“GLOW” Enters Its Twilight Years Sooner Than Expected
Wrestlers’ bodies take a beating faster than most, and the women of this Netflix series are no different.
It’s a strange coincidence that I began to notice a nagging back pain the morning I started watching the new season of GLOW. I’ve split my time the past three years working as both a freelance journalist and a full-time musician, meaning each day I’m either lifting heavy amps out of vans and into venues, or contending for the World’s Worst Posture award sitting in the backseat of a car or slumped on a couch writing a story. I always figured something like this was coming, like a time bomb ticking in the back of my mind. The shouts of “lift with your legs!” were echoing through my head as I lay there watching Tammé Dawson on my screen tearfully pushing through her own pain one second and then joking about sciatica the next. The metaphorical gun—an unavoidable bout with back pain, in both of our cases—was introduced in the first act, after all.
Usually, you’d do best to ignore discomfort like that for a few days to make sure you don’t overreact. You know, get a splinter and check WebMD, you’ll end up convincing yourself that you need amputations. But ignoring pain is impossible while watching the third season of GLOW. Netflix’s dramatized retelling of the short-lived but massively influential ’80s program Gorgeous Ladies of Wrestling has been key on hammering home the difficulties and dangers of pro wrestling throughout its first two seasons—but much like a wrestler’s career, the physical toll from taking bumps (a.k.a. getting slammed down on the mat) starts to add up now that the twilight years of the show are coming into view, sooner than expected.
Among the most famous wrestlers of the ’90s, Diamond Dallas Page once famously compared taking bumps to getting into a series of small car crashes night after night. Adding those nights up year after year, it’s no wonder there’s been greater talk about pro wrestlers (who work as independent contractors in the United States) unionizing and there being more pressure than ever on major companies like the WWE to provide basic health care for its workers. Some wrestlers have been paralyzed in the ring, others have even died. The best scenario in many cases is having lifelong chronic pain and no one to help pay for treatment, whether it’s dealing with back issues or battling CTE from the industry’s long-term use of unprotected chair shots to the head during the ’90s and early 2000s. It’s no secret anymore that pro wrestling is as scripted as GLOW itself, but there’s also no longer any room to call the action in the ring fake. Even some Netflix actors who just learned the basics for the series said the in-ring training made it the “most physically demanding” roles of their careers. And on-screen, the third season’s story doesn’t let your mind wander much from the pain.
Midway through the new season, all those nightly bumps start to catch up to Tammé, who can barely get through a match, struggles to get of bed, and self-medicates with a dangerous combination of alcohol and painkillers. Dawson, who’s played by real life pro wrestling veteran Kia Stevens, winds up plotting to take on a new character but ends up forced to make a decision whether to stay with GLOW or leave the program after the wrestler’s told she could end up paralyzed if she continues. It makes for the most memorable episode in season three (“Freaky Tuesday”), as the women switch characters for one night only, leading to an outrageous show landing them an offer for a contract extension through the end of the year, bringing up lingering questions about whether doing the show is worth what they’re putting themselves through.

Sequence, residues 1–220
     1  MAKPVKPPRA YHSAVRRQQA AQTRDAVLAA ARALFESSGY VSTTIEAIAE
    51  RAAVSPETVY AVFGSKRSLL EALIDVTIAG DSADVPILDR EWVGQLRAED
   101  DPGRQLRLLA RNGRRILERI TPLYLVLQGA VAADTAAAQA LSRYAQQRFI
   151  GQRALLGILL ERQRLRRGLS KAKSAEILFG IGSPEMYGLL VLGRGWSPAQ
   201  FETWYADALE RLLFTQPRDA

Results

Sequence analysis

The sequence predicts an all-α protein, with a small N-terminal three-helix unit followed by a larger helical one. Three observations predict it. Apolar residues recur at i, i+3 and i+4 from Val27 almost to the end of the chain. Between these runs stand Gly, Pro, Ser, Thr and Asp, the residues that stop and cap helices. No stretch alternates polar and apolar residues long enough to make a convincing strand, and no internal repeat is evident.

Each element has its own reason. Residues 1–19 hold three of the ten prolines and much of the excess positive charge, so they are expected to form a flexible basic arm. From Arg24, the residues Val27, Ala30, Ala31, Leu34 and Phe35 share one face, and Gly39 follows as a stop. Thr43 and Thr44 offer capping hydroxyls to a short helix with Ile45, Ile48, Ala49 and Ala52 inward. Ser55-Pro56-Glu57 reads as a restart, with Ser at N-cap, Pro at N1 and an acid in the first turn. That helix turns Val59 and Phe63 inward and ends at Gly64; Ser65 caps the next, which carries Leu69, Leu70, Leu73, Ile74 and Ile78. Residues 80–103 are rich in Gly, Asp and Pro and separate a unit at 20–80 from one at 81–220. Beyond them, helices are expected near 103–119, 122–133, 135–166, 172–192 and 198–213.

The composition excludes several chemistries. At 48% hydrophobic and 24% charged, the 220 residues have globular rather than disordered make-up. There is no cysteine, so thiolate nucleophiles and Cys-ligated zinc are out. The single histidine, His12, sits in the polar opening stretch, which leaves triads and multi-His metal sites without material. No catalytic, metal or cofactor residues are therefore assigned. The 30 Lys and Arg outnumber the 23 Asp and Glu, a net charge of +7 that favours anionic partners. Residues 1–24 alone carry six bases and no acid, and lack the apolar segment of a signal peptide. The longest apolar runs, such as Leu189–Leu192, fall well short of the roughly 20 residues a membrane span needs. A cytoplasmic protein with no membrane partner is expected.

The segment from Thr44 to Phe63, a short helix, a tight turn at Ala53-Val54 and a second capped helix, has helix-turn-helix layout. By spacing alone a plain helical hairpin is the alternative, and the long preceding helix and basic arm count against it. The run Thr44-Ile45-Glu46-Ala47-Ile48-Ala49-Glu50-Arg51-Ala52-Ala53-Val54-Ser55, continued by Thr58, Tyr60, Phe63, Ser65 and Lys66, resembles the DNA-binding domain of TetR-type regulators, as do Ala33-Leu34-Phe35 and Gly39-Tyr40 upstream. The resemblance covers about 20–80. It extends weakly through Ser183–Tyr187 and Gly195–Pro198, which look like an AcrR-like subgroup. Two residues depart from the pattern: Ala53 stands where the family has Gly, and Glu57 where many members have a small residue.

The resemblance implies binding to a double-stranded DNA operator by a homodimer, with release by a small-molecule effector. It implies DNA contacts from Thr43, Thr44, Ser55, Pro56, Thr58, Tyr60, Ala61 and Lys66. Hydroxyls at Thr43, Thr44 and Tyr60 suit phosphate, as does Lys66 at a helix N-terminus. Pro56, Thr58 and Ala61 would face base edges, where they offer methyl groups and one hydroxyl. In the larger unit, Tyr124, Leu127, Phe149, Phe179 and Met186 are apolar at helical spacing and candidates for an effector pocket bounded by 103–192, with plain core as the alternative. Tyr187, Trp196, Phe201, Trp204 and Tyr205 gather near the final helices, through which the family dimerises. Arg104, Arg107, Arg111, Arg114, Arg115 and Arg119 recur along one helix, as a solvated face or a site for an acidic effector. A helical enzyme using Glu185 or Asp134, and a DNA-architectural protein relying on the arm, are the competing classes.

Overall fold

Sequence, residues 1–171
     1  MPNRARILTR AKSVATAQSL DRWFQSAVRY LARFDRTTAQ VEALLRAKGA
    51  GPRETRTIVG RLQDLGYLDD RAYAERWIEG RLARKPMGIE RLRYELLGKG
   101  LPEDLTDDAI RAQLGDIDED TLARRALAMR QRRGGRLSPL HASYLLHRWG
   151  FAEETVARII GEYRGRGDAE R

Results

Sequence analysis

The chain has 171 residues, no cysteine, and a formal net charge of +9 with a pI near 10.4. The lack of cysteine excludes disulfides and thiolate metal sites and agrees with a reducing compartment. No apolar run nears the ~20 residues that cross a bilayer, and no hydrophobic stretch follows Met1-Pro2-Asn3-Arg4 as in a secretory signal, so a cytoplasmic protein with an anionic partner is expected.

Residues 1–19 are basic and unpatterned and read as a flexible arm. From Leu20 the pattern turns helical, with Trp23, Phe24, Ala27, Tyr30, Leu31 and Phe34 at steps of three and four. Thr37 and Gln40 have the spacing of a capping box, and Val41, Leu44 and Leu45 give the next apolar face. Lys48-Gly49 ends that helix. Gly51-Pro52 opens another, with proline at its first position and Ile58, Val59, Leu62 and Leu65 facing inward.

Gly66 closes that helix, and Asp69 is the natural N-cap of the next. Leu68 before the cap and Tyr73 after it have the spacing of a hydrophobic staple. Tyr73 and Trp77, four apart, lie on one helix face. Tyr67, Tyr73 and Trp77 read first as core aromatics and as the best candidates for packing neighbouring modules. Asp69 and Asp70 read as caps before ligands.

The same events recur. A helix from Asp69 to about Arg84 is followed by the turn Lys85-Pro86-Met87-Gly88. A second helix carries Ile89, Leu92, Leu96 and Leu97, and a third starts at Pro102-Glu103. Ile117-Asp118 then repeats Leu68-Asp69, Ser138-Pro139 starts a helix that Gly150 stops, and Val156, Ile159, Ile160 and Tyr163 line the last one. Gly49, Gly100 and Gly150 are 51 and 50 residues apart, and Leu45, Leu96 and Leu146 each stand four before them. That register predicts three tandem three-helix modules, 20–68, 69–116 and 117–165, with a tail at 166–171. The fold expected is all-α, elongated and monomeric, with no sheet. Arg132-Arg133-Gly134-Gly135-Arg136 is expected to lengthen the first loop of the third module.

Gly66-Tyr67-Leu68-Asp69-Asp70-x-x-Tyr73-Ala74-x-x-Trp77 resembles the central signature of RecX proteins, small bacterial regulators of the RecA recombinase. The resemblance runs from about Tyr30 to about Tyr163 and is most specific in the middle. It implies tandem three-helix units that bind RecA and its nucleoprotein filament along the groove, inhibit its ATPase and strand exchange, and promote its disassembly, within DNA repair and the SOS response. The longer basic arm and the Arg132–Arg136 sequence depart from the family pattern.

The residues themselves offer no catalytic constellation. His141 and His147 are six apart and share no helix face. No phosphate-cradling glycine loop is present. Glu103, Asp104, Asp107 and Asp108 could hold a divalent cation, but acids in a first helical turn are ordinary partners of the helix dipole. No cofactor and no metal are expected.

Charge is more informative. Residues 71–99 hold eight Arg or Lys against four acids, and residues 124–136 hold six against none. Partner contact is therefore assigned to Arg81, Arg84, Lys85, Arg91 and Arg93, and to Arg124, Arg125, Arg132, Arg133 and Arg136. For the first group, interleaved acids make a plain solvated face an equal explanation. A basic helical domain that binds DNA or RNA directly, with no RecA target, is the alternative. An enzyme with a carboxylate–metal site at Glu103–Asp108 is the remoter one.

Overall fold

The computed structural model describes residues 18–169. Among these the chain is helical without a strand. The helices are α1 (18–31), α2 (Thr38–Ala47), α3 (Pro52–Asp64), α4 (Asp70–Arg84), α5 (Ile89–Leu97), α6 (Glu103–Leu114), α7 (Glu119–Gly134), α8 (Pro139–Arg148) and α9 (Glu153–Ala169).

It’s no secret anymore that pro wrestling is as scripted as GLOW itself, but there’s also no longer any room to call the action in the ring fake.
That’s the big question surrounding the third season: Is this all worth it? The women of GLOW are isolated in Vegas, living life away from family and normality—a mental endurance test that real life professional wrestlers, musicians, and other traveling workers in the entertainment industry fight through on a daily basis. At times, you start to feel GLOW asking itself that question, showing signs of slowing to an end before it ever really hit its stride and marking a short-lived run that morbidly mirrors the wrestling careers it’s documenting. Four of the season’s final five episodes completely abandon wrestling ,while the narrative moves on to follow its driving characters like Ruth, Debbie, and Sam, all trying to figure out the next step in their careers beyond the ring.
The transition to focusing on storylines outside of wrestling, though, is driven by the same on-screen pain that forces its characters to rethink their place between the ropes. GLOW does a fantastic (and amazingly uncomfortable) job of highlighting the brutal physicality behind the lives of pro wrestlers—but it puts equal effort into hammering home the internal struggles that don’t show the way bruises or broken bones do, despite crippling so many lives in the same way.
When you’re alone in the way the women of GLOW are throughout the show’s latest ten episodes, keeping your mind off pain like that can become a full-time job. Whether it’s Ruth, Debbie, or Tammé trapped in a hotel for an entire year, left to navigate both their battered bodies and the lonely distance from their lives at home—or me, worried on the couch about my own potential sciatica and watching them figure all this out—when you give yourself all that space, pain can find room to grow in places you’ve left open for something else. Like Tammé, we all need to learn when enough is enough. FL